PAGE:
Learning what’s possible
Very little of what I’ve learned about tactile graphics was taught to me formally. Instead, I’ve relied on a web of blind folks and sighted allies who have themselves learned from a friend or through experimentation. Engaging with graphics as a blind person requires access to both equipment and a community of practice. Fundamentally, we need what everybody learning about technology needs: mentorship, support, accessible tools and a chance to build skills with them, and a glimpse of what’s possible.
My first few months at the Dimensions Lab were strangely quiet: I had expected droves of people signing up to make accessible graphics for free. But when I told patrons about the lab, more than one of them asked me: Why would they want graphics?
We are so accustomed to living in text-only mode that we often don’t know where to start with tactile images, and we might not even think of ourselves as missing out. These days, I keep a wide variety of tactile graphics on hand to show different kinds of patrons why images matter. A colleague contributed her excellent handwriting to a beautiful, scaled-up cursive alphabet that blind people can consult as they work to refine their signatures. A web app called TMAP, invented by the blind designer and tactile cartographer Josh Miele and provided free of charge by the LightHouse for the Blind and Visually Impaired in San Francisco, generates tactile street maps on demand for any address. And Minh Ha’s coloring pages of guide dogs in harnesses, flower bouquets, and intricate mandalas pair nicely with braille-labeled crayons to provide a gentle, joyful introduction to imagery for all ages. Once patrons encounter a tactile graphic that’s meaningful to them, they can begin to imagine what else they might like to explore.
As I think back to the moment when I first felt our new house’s floor plan under my fingertips after struggling to imagine it through words, I remember the rush of understanding, a sudden release from frustration and confusion. I felt almost spoiled by precision and ease: a tactile graphic was the ideal tool to help me envision our future home and make decisions about it with confidence. As a tech educator, sparking that moment of tech euphoria for someone is the best part of my job. Some patrons experience it when they use an accessible compass on their phone, download a book for the first time, or turn on audio description for their favorite show. Patrons come to me for help with technology but leave—if I’m doing my best work—with a belief in their own abilities and excitement about exploring tools that enhance their skills. Tactile graphics can unlock strengths and possibilities in spatial learning and creation that blind and low-vision patrons might never have considered.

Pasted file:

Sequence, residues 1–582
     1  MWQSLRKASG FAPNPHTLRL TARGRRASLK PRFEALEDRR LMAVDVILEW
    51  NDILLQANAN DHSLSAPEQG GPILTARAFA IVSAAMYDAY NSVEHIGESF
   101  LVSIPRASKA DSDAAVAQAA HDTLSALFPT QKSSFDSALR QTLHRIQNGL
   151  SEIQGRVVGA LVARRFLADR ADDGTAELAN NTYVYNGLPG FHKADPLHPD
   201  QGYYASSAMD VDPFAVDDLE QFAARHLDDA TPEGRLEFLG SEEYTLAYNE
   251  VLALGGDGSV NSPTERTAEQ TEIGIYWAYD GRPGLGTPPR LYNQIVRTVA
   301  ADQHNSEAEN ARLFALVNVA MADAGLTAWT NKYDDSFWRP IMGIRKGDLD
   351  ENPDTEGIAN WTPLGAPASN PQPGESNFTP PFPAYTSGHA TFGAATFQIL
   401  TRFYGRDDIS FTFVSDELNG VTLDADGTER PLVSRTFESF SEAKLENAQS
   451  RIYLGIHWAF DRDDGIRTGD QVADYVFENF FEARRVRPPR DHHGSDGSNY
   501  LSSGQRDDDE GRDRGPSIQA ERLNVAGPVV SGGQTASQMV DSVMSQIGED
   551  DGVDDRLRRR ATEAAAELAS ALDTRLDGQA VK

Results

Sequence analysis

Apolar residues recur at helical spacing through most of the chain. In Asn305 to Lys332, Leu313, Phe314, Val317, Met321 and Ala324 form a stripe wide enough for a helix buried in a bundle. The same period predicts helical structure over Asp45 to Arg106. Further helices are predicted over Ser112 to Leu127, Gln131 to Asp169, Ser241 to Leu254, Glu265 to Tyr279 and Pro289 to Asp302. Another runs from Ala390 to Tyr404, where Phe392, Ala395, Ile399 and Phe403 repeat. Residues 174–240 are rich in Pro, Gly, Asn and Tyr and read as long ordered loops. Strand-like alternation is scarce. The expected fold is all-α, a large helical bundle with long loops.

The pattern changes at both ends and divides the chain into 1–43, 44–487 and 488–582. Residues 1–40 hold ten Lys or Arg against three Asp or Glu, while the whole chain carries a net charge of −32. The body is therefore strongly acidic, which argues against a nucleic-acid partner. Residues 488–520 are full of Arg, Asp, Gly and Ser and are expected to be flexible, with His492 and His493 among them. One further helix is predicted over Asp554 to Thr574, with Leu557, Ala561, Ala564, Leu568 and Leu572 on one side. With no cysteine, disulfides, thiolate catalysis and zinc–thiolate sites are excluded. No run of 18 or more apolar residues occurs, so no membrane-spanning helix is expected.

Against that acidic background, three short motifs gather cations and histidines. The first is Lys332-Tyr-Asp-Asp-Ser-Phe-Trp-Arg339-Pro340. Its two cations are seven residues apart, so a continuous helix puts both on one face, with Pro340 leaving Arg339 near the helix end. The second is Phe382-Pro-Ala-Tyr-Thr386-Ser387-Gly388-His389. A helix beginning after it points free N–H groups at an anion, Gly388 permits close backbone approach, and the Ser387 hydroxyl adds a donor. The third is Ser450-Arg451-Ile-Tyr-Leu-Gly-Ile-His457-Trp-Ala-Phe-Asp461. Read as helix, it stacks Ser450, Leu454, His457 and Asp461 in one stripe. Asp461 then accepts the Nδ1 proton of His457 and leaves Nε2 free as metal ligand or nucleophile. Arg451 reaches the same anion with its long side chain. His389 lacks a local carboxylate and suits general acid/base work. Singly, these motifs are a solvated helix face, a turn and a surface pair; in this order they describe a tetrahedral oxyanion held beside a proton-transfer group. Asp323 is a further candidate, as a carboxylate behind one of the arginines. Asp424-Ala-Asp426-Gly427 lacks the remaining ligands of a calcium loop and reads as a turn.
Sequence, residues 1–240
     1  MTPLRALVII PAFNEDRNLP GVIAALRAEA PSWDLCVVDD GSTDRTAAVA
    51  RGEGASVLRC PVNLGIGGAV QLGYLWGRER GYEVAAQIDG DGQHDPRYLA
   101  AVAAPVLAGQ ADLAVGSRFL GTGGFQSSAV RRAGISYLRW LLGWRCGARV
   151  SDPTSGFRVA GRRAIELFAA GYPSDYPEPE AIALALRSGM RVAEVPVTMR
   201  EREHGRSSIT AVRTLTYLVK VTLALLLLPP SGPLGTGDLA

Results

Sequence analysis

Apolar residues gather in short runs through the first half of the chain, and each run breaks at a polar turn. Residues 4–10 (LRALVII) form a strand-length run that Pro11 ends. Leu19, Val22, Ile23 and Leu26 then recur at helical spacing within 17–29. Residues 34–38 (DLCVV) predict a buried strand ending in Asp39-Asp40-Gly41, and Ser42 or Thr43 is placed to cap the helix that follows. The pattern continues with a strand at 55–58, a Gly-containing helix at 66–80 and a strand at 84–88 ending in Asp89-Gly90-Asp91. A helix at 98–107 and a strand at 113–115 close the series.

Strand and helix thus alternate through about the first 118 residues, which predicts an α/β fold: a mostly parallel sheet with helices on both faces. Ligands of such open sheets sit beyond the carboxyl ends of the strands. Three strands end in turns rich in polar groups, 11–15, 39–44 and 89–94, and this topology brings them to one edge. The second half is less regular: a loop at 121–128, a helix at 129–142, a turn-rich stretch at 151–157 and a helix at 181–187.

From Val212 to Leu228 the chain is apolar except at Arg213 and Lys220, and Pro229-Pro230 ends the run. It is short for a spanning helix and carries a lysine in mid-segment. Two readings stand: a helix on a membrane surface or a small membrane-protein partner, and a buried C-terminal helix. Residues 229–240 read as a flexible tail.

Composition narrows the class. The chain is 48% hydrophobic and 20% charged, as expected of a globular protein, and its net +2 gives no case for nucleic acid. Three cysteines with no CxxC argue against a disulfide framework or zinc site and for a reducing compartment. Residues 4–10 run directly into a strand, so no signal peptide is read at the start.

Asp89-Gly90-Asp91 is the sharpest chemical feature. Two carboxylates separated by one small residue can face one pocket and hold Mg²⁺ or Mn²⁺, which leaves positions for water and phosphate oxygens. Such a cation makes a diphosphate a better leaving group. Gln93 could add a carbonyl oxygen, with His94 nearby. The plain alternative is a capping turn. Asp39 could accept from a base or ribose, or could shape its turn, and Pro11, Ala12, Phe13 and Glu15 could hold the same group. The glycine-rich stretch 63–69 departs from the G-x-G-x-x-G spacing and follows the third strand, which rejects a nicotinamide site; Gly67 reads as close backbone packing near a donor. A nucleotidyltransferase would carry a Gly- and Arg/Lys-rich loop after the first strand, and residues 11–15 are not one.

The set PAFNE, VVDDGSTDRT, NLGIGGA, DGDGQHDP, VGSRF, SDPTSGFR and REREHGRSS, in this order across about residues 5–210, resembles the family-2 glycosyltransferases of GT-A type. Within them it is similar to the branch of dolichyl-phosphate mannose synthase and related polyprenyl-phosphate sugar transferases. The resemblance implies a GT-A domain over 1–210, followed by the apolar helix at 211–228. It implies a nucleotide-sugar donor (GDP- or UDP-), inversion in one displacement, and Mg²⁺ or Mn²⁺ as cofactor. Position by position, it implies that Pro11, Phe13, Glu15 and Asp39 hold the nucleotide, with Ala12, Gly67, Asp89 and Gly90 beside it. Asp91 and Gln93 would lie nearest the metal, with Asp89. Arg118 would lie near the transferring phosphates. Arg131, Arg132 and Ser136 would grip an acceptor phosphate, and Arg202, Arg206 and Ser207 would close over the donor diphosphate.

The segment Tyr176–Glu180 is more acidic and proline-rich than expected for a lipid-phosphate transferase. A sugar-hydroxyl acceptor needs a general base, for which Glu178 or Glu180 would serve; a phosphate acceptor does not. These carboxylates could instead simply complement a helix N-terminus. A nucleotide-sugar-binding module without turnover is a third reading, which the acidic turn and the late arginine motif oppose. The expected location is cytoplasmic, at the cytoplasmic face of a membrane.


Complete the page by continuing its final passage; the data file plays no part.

Though the technical limitations involved in making these graphics are significant, lack of access or even awareness is a larger problem. People without access to graphics don’t demand them, and they’ll rarely receive what they don’t demand. Along with a growing movement of blind people and allies, I’m trying to break that cycle.
For three days in March, the library’s community room hosted an inaugural tactile art teach-in. Participants learned to draw by hand using a low-tech product called the Sensational BlackBoard to raise tactile lines on ordinary paper with ballpoint pens. They used sound cues and ribbons run through frames to learn about perspective. They explored maps and wrote code to make digital drawings. Together, we shared a space where nonvisual access to images was not just expected but celebrated, and where everybody understood that engaging with images for the first time, or the first time since vision loss, can be hard and vulnerable work. We confronted the stark reality that most of us have become habituated to a state of image poverty and affirmed that we need, deserve, and can flourish with access to tactile images. We demonstrated that image poverty in our community is avoidable.
Image literacy is important, from a blind baby’s first picture book to the maps, charts, and graphics that help us understand what words fail to capture. If we act from the proposition that images are for everyone, we can create that reality.
Chancey Fleet is the assistive technology coordinator at the New York Public Library.